NBFC woes to de­lay in­vest­ment re­vival

Business Standard - - OPINION - AMRITHA PIL­LAY

In­dia’s pri­vate in­vest­ment is un­likely to pick up as re­cov­ery in ca­pac­ity util­i­sa­tion in the March quar­ter has made a turn­about. The new time­line for a re­vival has been pushed to 2019, ac­cord­ing to in­dus­try ex­perts and of­fi­cials. Ac­cord­ing to Re­serve Bank of In­dia (RBI) data, ca­pac­ity util­i­sa­tion was at 73.2 per cent in the June quar­ter, lower than 75.2 per cent in the March quar­ter.

The re­turn of pri­vate in­vest­ments in the coun­try is strug­gling with lack of funds and un­cer­tainty due to the ap­proach­ing elec­tions, said ex­perts. “We may not see a re­vival in the cur­rent year as non-bank­ing fi­nan­cial com­pa­nies (NBFCs) have taken a hit in lend­ing and banks may not have sub­sti­tuted the same. We need to wait an­other quar­ter to know a clear trend of util­i­sa­tion lev­els and the re­vival of pri­vate in­vest­ment cy­cle. There are few signs of re­vival when one looks at the bor­row­ing ac­tiv­ity. Ce­ment and steel are see­ing signs of re­vival, which is pri­mar­ily led by the real es­tate sec­tor,” said Madan Sab­navis, chief econ­o­mist at CARE Rat­ings.

Ce­ment com­pa­nies such as JK Ce­ment, Am­buja Ce­ments and Dalmia Bharat have an­nounced fresh ca­pac­ity ad­di­tion plans in the past year. The ce­ment ind us­try has started ex­pand­ing ca­pac­ity in a bid to in­crease mar­ket share de­spite the cur­rent de­mand-sup­ply mis­match.

The over­all ca­pac­ity util­i­sa­tion fig­ure crossed the 75 per cent-mark for the first time since the March 2016 ended quar­ter, RBI data shows. Not all com­pa­nies and in­dus­tries are, how­ever, lan­guish­ing be­low the 75 per cent ca­pac­ity util­i­sa­tion. “For some of the stronger com­pa­nies, such as ce­ment, met­als, pa­per and au­to­mo­bile, it is higher by around 10 per cent over the in­dus­try av­er­ag­ing at 80-90 per cent for sec­tors. Th­ese com­pa­nies have started to un­der­take ei­ther brown­field ex­pan­sions or rely on ac­qui­si­tions,” said Rahul Prithi­ani, di­rec­tor at Crisil Re­search. “A large-scale re­vival is pos­si­ble only af­ter elec­tions, as­sum­ing the de­mand en­vi­ron­ment con­tin­ues to im­prove,” he added.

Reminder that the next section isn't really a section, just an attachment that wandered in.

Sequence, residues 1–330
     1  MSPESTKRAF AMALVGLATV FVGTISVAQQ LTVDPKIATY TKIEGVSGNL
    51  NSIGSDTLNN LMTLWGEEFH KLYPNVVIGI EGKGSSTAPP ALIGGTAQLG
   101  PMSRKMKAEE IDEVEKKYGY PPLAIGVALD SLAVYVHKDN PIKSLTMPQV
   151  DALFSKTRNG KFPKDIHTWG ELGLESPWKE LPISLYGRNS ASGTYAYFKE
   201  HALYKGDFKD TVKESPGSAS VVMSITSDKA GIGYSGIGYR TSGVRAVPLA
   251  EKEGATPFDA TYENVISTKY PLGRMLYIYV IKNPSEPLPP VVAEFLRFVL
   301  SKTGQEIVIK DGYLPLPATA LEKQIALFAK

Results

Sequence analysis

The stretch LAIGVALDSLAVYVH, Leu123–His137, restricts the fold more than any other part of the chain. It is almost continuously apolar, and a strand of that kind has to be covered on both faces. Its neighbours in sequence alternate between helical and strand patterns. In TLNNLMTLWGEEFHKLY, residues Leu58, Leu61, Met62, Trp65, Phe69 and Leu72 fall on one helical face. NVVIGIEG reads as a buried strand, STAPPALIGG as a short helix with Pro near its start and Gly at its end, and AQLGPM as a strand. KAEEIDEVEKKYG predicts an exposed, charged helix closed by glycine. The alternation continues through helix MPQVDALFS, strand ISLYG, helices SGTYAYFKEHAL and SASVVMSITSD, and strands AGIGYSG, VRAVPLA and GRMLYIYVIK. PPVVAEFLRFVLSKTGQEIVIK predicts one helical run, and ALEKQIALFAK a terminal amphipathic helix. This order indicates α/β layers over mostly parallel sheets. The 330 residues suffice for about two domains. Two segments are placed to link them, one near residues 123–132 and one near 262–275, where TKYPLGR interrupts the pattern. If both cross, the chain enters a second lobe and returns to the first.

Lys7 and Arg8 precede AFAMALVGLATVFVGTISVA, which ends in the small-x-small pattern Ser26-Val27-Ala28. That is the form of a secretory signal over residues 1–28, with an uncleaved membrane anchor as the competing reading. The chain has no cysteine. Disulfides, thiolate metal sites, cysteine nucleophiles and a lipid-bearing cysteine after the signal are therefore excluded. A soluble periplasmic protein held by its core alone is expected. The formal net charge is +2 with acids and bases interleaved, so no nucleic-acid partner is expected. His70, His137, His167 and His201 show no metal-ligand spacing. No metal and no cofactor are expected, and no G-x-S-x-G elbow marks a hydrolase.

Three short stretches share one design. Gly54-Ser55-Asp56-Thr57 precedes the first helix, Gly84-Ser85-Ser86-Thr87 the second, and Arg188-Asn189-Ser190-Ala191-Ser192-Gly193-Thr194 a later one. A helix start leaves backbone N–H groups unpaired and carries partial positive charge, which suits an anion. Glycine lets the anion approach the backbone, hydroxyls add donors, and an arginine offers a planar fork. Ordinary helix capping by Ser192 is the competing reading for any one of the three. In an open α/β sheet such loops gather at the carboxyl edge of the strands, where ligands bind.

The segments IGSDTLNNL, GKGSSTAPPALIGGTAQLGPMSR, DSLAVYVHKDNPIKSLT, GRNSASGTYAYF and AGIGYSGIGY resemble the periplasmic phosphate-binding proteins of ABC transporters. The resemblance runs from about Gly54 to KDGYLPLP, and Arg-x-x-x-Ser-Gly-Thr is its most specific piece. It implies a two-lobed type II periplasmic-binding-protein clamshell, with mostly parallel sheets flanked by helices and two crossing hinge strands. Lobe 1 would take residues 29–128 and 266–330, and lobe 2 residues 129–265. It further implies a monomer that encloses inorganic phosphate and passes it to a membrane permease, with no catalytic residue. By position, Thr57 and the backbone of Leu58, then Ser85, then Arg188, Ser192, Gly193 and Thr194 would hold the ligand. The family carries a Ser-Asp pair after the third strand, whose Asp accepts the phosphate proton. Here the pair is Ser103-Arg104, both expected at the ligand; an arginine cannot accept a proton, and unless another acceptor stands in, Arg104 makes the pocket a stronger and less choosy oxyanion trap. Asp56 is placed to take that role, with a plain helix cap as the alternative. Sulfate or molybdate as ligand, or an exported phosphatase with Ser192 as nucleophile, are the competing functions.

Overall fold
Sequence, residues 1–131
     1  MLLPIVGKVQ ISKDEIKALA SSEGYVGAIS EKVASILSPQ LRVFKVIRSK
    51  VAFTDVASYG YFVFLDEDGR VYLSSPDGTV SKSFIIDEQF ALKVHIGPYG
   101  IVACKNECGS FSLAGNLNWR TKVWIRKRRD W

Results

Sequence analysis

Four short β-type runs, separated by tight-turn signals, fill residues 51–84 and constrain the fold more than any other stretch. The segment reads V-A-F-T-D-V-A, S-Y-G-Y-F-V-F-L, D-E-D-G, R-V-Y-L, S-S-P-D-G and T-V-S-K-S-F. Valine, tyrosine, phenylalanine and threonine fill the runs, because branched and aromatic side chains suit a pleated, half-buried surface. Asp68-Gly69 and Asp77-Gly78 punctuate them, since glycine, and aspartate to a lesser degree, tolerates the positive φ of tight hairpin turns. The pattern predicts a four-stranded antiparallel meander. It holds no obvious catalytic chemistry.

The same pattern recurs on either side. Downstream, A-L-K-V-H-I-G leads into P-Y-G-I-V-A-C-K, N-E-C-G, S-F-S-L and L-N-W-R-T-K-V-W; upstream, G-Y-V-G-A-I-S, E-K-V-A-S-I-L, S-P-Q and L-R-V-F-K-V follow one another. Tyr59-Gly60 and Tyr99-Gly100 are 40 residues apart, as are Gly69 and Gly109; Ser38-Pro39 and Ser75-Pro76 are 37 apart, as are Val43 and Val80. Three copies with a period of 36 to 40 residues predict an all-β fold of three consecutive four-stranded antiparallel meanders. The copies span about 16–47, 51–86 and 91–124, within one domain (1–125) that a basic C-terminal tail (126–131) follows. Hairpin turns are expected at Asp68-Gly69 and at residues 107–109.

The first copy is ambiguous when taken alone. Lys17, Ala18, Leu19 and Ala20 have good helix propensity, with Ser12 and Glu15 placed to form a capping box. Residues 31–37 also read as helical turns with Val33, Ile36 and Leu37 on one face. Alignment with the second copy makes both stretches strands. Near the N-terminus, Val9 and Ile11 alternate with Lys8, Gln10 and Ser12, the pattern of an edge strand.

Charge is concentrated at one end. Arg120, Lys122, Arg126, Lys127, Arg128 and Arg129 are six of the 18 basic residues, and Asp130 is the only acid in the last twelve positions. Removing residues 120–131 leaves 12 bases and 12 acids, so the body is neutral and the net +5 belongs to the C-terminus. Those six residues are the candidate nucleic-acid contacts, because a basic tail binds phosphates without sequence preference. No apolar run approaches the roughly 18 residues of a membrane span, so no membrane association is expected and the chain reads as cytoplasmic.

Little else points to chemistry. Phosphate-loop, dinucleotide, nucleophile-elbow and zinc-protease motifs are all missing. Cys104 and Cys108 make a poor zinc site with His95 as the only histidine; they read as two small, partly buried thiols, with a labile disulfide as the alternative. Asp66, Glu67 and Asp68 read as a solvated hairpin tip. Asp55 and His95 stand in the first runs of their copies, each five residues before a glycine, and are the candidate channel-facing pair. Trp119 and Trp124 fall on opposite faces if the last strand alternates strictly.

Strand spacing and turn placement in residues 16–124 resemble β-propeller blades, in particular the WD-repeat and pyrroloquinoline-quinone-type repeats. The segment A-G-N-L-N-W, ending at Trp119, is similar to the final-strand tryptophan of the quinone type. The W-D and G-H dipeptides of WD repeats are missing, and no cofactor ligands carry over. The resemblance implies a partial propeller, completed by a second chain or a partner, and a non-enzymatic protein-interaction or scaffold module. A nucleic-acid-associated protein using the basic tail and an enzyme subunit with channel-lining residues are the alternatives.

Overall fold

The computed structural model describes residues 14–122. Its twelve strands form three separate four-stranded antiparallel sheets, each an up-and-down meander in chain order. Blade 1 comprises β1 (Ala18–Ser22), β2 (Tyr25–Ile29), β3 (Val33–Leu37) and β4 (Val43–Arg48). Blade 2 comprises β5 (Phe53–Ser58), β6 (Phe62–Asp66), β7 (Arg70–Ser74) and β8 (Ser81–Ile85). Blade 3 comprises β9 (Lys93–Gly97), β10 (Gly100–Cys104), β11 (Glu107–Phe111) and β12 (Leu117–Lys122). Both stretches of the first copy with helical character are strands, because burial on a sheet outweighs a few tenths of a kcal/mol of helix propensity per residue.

Though clear in­di­ca­tion for a re­vival in pri­vate in­vest­ment is not yet vis­i­ble, ex­perts and of­fi­cials are cer­tain the sec­tors will be dif­fer­ent from the last cy­cle. “The form in which pri­vate sec­tor in­vest­ment will ar­rive will change. Ear­lier, it used to be lot of roads. Pri­vate cap­i­tal is shy of roads now,” says R Shankar Ra­man, chief fi­nan­cial of­fi­cer at L&T.

“Air­port or­ders are also pri­vate sec­tor cap­i­tal ex­pen­di­ture. Small por­tion of auto cap­i­tal ex­pen­di­ture is still hap­pen­ing. We do be­lieve given the tar­iff is­sue, trade war and firm­ing up of de­mand. The min­er­als and met­als space will see ex­pan­sion af­ter the cur­rent round of shop­ping for stressed as­sets is over,” he added.

Steel­mak­ers such as JSW Steel, Tata Steel and ArcelorMit­tal made a bee­line to pick stressed as­sets, which were up for debt res­o­lu­tion at the Na­tional Com­pany Law Tri­bunal, in the past six months.

Along with met­als, con­sumer fac­ing sec­tors such as fast mov­ing con­sumer goods (FMCG), au­to­mo­biles and real es­tate are wit­ness­ing bet­ter util­i­sa­tion.

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